Coleman Apologizes For Remark About Wellstone
Wednesday 9 April 2003
WASHINGTON -- Sen. Norm Coleman apologized Tuesday for telling a Capitol Hill newspaper he was a "99 percent improvement'' over the late Paul Wellstone.
"I apologize for any pain or any sense that what I said somehow diminished the legacy of Senator Wellstone,'' Coleman, R-Minn., said in a telephone interview. "I take full responsibility for that.''
On Monday night, Coleman said that he only meant to say he was an improvement over Wellstone in terms of relations with the White House. But on Tuesday, he said he realized that wasn't good enough.
"Good intentions aren't enough, context isn't enough,'' he said. "I always tell my kids that you're responsible for the consequence of your words and your deeds, and so I accept that responsibility, apologize, and would tell the people of Minnesota they should and will expect more from this senator in the future.''
Coleman's apology came after state and national Democratic leaders assailed him for what they called insensitive comments.
"Mr. Coleman's ego apparently is only exceeded by his lack of graciousness and good taste,'' said Democratic National Committee Chairman Terry McAuliffe. "We should expect more, but clearly count on less from Mr. Coleman. It's a shame that he cannot leave the memory of Senator Wellstone and his family in peace.''
Added DFL Chairman Mike Erlandson: "Senator Coleman's shameless comments criticizing the late Senator Paul Wellstone was both appalling and outrageous.''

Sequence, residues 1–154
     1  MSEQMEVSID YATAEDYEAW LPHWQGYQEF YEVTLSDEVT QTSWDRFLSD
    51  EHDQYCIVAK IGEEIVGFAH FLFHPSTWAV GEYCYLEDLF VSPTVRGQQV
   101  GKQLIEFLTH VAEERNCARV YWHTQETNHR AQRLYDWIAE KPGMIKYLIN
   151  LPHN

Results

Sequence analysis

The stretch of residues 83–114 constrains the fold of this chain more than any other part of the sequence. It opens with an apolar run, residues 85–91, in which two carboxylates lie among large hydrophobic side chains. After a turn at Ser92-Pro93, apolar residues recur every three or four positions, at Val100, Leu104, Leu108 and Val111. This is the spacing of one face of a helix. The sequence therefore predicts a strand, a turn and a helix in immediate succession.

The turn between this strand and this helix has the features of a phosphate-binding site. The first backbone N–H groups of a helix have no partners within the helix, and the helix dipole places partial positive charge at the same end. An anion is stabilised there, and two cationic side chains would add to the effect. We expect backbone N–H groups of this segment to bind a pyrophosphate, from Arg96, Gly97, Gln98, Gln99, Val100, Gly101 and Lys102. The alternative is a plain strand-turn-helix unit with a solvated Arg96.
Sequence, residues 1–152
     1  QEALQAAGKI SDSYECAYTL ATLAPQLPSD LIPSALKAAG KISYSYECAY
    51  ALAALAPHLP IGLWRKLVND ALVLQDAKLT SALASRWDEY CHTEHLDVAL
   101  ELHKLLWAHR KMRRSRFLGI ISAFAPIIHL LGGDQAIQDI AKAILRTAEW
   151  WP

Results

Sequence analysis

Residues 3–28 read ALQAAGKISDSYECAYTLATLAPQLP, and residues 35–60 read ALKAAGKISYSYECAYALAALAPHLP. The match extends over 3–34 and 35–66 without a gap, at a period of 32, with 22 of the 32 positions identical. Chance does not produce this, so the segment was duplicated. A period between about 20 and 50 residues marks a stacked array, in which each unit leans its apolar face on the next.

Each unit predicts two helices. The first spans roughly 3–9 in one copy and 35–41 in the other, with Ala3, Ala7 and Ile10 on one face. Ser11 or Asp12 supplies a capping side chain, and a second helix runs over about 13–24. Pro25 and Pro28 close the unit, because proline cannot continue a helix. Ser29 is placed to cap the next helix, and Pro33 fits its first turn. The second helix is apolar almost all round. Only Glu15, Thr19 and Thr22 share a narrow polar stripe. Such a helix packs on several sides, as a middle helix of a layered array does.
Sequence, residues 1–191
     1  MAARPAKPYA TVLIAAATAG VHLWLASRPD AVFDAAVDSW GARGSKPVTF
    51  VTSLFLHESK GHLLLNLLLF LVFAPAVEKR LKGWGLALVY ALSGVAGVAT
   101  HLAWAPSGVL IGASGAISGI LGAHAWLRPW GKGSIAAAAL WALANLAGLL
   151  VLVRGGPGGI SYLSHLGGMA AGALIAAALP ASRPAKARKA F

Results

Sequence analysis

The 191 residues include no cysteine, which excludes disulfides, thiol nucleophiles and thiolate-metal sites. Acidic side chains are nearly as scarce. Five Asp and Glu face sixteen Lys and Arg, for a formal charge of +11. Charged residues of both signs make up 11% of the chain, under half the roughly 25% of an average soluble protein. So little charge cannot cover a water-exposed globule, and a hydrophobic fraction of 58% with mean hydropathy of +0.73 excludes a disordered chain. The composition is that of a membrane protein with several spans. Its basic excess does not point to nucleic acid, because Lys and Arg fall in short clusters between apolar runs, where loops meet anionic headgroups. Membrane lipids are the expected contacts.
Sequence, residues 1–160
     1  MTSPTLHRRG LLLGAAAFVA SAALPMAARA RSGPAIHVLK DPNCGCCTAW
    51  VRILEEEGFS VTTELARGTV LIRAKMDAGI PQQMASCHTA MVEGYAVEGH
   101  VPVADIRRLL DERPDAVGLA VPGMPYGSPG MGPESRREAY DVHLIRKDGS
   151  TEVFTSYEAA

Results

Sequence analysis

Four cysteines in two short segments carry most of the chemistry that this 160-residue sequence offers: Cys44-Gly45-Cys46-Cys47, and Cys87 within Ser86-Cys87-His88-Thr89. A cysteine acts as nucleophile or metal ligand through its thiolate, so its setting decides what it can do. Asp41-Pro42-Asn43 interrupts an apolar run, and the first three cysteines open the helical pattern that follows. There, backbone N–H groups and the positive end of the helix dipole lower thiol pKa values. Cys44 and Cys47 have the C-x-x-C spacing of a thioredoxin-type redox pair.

Coleman declined to respond, saying he'll let his apology speak for him.
"There is a sense of higher responsibility in regards to the memory of Senate Wellstone,'' Coleman said. "I accept that.''
In Monday's edition of Roll Call, a Capitol Hill newspaper, Coleman said, "To be very blunt and God watch over Paul's soul, I am a 99 percent improvement over Paul Wellstone. Just about on every issue.''
Coleman made the remark as he was stressing his ties to President Bush. He told the newspaper that Wellstone "was never with the president.''
The Roll Call story caused an uproar among Wellstone's former staffers when it came out Monday. U.S. Rep. Betty McCollum, D-Minn., called for Coleman to apologize, saying his remarks were inappropriate, disrespectful and "an unnecessary attack on a leader our state continues to mourn.''
Wellstone was killed, along with his wife and daughter, three campaign aides and the two pilots in a plane crash Oct. 25 in northern Minnesota.
Steve Schier, a professor of political science at Carleton College, said the gaffe won't hurt Coleman.
"This is atmospherics,'' he said. "What matters is what he does, how he votes. This is not the sort of thing that people are going to remember. It's a passing comment that I doubt will have a lot of traction.''
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